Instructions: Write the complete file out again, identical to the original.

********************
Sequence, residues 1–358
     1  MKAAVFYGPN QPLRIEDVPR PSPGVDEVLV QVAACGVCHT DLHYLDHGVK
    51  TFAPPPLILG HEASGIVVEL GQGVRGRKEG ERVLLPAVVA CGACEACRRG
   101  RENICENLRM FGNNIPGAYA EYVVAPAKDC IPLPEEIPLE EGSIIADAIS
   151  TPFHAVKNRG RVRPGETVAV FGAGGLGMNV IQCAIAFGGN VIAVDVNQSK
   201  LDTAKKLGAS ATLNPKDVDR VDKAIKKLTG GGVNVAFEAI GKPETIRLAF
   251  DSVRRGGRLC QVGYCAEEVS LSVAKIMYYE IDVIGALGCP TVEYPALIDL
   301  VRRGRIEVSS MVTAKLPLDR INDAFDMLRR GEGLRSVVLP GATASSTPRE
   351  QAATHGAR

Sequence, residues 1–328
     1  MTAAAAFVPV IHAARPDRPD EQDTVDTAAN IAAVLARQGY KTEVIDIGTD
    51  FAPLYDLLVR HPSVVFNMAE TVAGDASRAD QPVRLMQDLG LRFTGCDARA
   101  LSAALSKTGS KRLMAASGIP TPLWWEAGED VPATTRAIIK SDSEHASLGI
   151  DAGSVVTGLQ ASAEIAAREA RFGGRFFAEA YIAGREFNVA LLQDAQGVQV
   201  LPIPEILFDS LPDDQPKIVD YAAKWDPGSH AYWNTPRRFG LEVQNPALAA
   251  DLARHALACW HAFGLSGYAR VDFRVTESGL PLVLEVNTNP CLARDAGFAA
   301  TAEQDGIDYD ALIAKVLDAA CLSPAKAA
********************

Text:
Sequence, residues 1–358
     1  MKAAVFYGPN QPLRIEDVPR PSPGVDEVLV QVAACGVCHT DLHYLDHGVK
    51  TFAPPPLILG HEASGIVVEL GQGVRGRKEG ERVLLPAVVA CGACEACRRG
   101  RENICENLRM FGNNIPGAYA EYVVAPAKDC IPLPEEIPLE EGSIIADAIS
   151  TPFHAVKNRG RVRPGETVAV FGAGGLGMNV IQCAIAFGGN VIAVDVNQSK
   201  LDTAKKLGAS ATLNPKDVDR VDKAIKKLTG GGVNVAFEAI GKPETIRLAF
   251  DSVRRGGRLC QVGYCAEEVS LSVAKIMYYE IDVIGALGCP TVEYPALIDL
   301  VRRGRIEVSS MVTAKLPLDR INDAFDMLRR GEGLRSVVLP GATASSTPRE
   351  QAATHGAR

Sequence, residues 1–328
     1  MTAAAAFVPV IHAARPDRPD EQDTVDTAAN IAAVLARQGY KTEVIDIGTD
    51  FAPLYDLLVR HPSVVFNMAE TVAGDASRAD QPVRLMQDLG LRFTGCDARA
   101  LSAALSKTGS KRLMAASGIP TPLWWEAGED VPATTRAIIK SDSEHASLGI
   151  DAGSVVTGLQ ASAEIAAREA RFGGRFFAEA YIAGREFNVA LLQDAQGVQV
   201  LPIPEILFDS LPDDQPKIVD YAAKWDPGSH AYWNTPRRFG LEVQNPALAA
   251  DLARHALACW HAFGLSGYAR VDFRVTESGL PLVLEVNTNP CLARDAGFAA
   301  TAEQDGIDYD ALIAKVLDAA CLSPAKAA